Theranos’ second lab failed a regulatory inspection, raising risk of new sanctions against beleaguered company

Elizabeth Holmes
The failed inspection could lead to sanctions against Theranos.

Theranos’ laboratory in Arizona failed a regulatory inspection last year, according to the Wall Street Journal. Citing anonymous sources, the WSJ reported Theranos kept the inspection findings hidden from investors and patients—and the situation puts the company at risk of new sanctions.

Inspectors from the Centers for Medicare & Medicaid Services (CMS) visited the facility in Scottsdale, Arizona, late in September, shortly before Theranos revealed it was closing the laboratory as part of a reorganization that cost 340 people their jobs. At the time of the inspection, the Scottsdale facility was Theranos’ only active laboratory, a situation created by the revocation of the license of its main site in California.

Theranos reportedly submitted a correction plan for the Arizona lab in November, only to have it rejected by authorities. And, as a kicker, the regulator proposed sanctions against the laboratory alongside its rejection.


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With Theranos having exited medical testing to focus on developing laboratory equipment, the inspection findings don’t directly affect what is now the fallen unicorn’s core business. But with the WSJ sources stating officials can go after closed laboratories with sanctions, the fallout from the inspection could continue to dog Theranos.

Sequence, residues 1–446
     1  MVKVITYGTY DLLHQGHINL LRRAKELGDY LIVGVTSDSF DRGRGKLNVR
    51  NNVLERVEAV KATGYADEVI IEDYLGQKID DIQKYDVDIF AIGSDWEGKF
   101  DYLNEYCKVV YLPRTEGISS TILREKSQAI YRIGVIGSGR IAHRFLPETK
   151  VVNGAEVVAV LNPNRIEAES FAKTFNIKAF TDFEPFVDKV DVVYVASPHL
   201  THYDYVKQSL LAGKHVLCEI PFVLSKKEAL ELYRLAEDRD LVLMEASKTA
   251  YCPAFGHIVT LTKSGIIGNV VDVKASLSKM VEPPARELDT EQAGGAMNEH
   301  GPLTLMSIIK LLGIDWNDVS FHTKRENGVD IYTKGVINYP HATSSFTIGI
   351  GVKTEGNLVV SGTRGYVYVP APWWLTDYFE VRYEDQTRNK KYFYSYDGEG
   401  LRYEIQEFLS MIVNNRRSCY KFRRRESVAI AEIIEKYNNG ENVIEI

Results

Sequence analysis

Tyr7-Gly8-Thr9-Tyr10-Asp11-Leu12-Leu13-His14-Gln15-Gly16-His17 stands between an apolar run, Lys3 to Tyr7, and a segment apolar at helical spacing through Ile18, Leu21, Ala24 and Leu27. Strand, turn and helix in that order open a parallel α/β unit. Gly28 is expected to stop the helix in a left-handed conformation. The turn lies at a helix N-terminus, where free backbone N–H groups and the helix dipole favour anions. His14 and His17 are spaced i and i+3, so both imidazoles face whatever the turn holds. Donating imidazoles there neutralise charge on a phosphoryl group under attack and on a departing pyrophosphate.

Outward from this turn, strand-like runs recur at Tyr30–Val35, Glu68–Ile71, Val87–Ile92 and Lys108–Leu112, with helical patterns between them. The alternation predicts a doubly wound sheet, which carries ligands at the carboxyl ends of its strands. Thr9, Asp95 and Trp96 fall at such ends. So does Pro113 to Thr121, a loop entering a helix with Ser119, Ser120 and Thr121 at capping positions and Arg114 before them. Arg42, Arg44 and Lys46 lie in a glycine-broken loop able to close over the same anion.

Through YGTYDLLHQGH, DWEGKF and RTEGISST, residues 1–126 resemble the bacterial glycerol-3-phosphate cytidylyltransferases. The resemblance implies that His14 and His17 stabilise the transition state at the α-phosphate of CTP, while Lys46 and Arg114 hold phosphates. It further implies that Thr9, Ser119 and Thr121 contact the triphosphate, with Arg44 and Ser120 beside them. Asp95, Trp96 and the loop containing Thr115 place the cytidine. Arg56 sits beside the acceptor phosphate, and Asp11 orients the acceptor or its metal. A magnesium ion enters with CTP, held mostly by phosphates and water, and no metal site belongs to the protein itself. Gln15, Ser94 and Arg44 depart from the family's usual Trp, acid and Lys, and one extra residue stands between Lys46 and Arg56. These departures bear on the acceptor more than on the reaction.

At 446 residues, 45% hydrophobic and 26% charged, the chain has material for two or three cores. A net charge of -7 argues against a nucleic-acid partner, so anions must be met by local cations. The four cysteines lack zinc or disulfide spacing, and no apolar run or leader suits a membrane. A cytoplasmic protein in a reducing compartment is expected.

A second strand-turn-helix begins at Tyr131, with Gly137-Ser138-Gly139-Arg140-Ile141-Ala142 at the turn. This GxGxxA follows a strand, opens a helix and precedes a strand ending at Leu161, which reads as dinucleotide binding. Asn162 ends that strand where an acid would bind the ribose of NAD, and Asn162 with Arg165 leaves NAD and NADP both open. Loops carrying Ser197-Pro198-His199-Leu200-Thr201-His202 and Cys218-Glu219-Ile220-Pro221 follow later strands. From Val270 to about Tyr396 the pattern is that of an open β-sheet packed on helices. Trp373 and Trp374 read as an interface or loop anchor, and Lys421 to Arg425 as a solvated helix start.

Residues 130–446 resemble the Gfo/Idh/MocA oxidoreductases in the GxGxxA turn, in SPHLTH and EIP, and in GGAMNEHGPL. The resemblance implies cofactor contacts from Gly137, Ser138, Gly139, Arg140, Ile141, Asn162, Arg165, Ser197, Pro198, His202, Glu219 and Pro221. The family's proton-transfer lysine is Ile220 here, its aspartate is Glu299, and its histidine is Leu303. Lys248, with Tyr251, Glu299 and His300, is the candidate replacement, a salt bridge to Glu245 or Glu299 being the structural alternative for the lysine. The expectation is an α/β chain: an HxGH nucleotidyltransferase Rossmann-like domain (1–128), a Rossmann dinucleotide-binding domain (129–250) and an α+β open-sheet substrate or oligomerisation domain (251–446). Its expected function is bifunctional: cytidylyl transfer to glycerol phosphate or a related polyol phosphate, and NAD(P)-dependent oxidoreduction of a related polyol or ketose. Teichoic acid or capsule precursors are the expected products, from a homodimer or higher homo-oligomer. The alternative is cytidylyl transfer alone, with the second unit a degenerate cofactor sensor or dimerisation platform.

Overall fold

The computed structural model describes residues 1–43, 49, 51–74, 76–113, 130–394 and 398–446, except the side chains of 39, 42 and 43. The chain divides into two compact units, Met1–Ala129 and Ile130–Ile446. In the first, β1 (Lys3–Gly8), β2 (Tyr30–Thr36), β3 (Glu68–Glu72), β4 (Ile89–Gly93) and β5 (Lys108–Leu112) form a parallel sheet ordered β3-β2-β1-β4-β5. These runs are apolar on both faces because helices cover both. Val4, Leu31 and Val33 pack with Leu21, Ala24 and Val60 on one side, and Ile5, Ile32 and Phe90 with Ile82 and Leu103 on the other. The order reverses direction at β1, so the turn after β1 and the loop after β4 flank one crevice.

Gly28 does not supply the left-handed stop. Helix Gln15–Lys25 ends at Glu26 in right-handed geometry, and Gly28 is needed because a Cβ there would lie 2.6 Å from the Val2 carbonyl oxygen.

It is unclear how bad the situation could be for Theranos, in part because the CMS hasn’t published its inspection report or letter threatening additional sanctions. The CMS typically publishes inspection findings within 90 days. But in this instance it has neither published the report nor explained its reasons for not doing so.

If the CMS goes ahead with the sanctions, it would open another front in its ongoing row with Theranos. Last year, the CMS barred Theranos founder Elizabeth Holmes from owning and operating the California lab as part of sanctions that revoked the facility’s license. Theranos is appealing the sanctions while focusing its slimmed-down workforce on developing a tabletop diagnostic testing device.

The company sought to add some scientific credibility to its ongoing operation this week by unveiling a technology advisory board. The collection of academics and industry executives will review Theranos’ technology initiatives.


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